Assuming you meant threads rather than processes you can share the STL containers but you need to be careful with respect to synchronization. The STL containers are threads safe to some extend but you need to understand the thread safety guarantees given:
- One container can be used by mutliple readers concurrently.
- If there is one writer for a container, there shall neither be concurrent readers nor concurrent writers.
- The guarantees are per container, i.e., different containers can concurrently be used by threads without need of synchronziation between them.
The reason for these restrictions is that the interface for the containers is geared towards efficient use within one thread and you don't want to impeded the processing of an unshared container with the potential of being shared across threads. Also, the container interface isn't suitable for any sort of container maintained concurrency mechanism. For example, just beause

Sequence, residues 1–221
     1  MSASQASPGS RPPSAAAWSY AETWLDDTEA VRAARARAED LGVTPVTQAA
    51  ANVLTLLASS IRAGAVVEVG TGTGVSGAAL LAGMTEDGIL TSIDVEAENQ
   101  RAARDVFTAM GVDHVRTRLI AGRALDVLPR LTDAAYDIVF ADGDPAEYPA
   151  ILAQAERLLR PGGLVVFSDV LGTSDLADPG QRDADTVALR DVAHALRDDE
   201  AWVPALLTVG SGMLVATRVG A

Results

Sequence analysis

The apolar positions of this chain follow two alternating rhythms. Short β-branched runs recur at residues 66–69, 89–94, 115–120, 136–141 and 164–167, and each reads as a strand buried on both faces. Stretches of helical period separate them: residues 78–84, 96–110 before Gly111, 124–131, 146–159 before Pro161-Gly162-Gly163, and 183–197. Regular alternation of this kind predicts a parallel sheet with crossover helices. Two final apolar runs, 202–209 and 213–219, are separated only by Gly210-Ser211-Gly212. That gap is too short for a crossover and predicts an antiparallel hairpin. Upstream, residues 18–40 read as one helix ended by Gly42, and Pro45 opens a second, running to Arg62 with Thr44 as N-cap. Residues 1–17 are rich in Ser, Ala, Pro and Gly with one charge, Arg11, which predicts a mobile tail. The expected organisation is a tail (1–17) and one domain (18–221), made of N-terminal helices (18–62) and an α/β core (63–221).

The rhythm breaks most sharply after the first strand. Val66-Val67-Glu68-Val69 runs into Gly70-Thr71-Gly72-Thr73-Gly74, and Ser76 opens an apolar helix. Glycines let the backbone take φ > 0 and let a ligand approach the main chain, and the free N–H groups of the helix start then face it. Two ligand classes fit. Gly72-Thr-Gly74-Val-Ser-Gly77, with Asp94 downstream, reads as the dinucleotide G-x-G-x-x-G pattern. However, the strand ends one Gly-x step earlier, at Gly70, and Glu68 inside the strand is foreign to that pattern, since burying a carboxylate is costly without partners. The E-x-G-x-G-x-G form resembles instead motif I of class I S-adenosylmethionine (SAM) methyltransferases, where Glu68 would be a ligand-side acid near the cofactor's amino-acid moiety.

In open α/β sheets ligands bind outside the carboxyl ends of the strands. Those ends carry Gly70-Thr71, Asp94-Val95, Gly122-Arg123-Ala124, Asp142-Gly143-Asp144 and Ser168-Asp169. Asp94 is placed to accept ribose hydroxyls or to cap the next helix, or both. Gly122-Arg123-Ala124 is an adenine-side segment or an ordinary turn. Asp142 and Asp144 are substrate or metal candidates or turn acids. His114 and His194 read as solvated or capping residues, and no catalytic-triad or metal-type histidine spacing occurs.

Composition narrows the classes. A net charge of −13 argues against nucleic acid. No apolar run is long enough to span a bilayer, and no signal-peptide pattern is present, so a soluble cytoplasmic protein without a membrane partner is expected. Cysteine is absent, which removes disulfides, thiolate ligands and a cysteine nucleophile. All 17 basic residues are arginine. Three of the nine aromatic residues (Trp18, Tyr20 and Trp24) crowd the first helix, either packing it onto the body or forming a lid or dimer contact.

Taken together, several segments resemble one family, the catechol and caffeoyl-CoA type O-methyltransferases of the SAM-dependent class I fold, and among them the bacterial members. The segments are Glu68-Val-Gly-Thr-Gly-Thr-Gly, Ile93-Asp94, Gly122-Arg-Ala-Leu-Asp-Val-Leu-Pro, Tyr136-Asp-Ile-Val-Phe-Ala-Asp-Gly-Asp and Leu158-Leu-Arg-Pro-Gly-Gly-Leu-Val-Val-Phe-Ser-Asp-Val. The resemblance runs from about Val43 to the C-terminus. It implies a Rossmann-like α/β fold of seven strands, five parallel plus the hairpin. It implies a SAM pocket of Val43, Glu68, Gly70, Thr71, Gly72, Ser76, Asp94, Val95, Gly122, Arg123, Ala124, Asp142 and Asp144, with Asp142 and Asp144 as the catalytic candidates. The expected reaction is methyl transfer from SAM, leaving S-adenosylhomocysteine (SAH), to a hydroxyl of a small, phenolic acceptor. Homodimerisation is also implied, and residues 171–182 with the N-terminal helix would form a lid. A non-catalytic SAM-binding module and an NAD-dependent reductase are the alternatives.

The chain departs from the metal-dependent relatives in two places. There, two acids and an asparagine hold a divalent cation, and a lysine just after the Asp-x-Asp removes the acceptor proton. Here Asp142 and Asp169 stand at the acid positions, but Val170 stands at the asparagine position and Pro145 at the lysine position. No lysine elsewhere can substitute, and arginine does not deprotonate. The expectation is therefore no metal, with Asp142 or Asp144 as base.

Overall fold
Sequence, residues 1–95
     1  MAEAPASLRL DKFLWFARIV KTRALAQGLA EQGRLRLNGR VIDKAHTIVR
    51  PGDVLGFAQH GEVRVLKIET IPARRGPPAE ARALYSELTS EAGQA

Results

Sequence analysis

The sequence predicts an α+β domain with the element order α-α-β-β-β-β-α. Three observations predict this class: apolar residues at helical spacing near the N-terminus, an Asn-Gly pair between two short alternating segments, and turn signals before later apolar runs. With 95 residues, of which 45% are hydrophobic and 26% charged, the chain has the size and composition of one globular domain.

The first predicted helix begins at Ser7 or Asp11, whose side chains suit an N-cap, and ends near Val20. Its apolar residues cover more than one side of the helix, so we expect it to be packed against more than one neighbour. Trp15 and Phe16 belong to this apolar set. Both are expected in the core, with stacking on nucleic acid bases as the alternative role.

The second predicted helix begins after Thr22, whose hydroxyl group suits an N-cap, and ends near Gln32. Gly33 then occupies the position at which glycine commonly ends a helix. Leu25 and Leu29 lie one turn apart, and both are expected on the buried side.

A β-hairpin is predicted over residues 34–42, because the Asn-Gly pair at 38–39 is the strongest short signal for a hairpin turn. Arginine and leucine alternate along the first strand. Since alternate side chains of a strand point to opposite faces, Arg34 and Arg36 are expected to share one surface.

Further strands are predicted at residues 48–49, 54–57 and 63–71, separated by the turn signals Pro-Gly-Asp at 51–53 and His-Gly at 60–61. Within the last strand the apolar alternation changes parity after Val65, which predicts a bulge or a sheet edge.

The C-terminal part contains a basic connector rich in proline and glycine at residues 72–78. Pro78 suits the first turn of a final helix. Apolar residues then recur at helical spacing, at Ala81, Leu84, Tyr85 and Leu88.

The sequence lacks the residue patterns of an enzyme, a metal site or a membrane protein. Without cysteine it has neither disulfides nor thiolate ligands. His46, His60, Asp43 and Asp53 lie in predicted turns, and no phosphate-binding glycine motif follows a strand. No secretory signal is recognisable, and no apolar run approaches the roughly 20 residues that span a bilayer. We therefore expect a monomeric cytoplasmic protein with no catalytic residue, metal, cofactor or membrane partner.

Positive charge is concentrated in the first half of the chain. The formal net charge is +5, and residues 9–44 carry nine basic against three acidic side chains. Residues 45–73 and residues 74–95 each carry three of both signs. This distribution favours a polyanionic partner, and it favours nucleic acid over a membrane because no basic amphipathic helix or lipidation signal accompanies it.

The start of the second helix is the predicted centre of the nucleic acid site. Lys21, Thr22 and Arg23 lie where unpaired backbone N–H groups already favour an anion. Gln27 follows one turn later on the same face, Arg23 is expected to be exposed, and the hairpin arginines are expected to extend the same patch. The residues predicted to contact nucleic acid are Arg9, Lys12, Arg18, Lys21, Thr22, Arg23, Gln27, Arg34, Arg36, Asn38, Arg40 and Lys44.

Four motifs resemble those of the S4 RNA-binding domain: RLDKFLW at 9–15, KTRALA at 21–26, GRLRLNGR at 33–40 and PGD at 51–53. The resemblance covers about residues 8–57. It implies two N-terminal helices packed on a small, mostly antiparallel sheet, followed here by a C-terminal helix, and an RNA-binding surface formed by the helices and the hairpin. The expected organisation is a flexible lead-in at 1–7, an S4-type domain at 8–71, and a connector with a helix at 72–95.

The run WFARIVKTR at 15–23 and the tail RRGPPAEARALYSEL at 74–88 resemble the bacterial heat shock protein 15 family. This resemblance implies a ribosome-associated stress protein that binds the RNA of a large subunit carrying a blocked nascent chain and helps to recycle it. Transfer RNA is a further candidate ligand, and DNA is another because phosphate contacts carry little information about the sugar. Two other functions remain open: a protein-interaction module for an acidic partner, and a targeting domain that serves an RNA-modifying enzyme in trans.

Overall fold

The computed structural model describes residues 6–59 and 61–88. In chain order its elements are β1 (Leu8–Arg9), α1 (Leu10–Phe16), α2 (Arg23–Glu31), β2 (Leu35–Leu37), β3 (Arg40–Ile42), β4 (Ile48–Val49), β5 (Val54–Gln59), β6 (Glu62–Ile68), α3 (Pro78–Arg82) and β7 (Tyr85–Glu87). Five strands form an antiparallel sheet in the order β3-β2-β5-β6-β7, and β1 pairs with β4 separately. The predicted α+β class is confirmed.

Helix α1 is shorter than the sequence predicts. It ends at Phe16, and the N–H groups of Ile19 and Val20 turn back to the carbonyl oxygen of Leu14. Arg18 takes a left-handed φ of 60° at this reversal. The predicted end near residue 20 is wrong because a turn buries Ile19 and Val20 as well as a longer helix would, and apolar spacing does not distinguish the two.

v.empty() just returned
false it doesn't mean that
v.pop() works because the container can be empty by now: If there were internal synchronization any lock would have been released once
empty() returned and the container can be changed by the time
pop() is called.
It is relatively easy to create a queue to be used for communication between different threads. It would use a
std::mutex and a suitable instantiation of
std::condition_variable. I think there is something like this proposed for inclusion into the standard but it isn't, yet, part of the standard C++ library. Note, however, that such a class would not return an iterator to the inserted element because by the time you'd access it, the element may be gone again and it would be questionable what the iterator is used for anyway.